Can robots stop a meltdown?

Forbes Magazine, “Risk of Nuclear Catastrophe Escalates in Japan – ‘Worse than Chernobyl'”:

“The electrical grid is down. The emergency diesel generators have been damaged. The multi-reactor Fukushima atomic power plant is now relying on battery power, which will only last around eight hours. The danger is, the very thermally hot reactor cores at the plant must be continuously cooled for 24 to 48 hours. Without any electricity, the pumps won’t be able to pump water through the hot reactor cores to cool them. Once electricity is lost, the irradiated nuclear fuel could begin to melt down. If the containment systems fail, a catastrophic radioactivity release to the environment could occur.”

Being a proponent of teleoperated robots, my response was to think of how teleoperated robots could help in environments such as fire and high radioactivity where humans cannot function.

So I stripped down my sketchup design for a teleoperated robot:

Robots like this could drive portable generator trailers to the reactor plant site. They could connect the generators to the reactor power system. They could get the cooling pumps running and operate them.

Japan must have a thousand university robotics students who could assemble a team of such robots in a matter of hours from the spare parts of class projects.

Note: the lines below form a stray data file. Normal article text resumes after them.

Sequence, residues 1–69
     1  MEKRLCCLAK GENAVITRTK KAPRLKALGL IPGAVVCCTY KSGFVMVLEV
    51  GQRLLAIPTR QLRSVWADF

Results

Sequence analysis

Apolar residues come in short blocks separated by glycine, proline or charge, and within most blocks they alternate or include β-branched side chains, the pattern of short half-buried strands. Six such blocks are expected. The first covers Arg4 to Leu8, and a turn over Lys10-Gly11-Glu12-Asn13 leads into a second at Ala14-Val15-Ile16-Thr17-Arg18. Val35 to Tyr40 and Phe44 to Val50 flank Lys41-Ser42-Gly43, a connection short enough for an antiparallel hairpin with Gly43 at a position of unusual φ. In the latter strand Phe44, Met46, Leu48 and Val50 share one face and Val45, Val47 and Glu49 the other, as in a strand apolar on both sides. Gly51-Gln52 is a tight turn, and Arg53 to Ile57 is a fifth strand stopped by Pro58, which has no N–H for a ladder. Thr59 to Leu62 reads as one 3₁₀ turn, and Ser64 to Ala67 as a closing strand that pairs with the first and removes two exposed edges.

The Japanese are smart. So either they’re doing this, or something more effective, and we’re just not getting the full details in the US media.

It bothers me that the US response to this crisis is to send an aircraft carrier. We sent one to Haiti after their earthquake, and they still haven’t recovered. It’s an American compulsion these days to think of every problem in terms of military solutions.

However, I am confident that Japan’s leaders do think about engineering as a way to solve problems, and so Japan will survive this crisis.

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About engineerzero

Once and future engineer.
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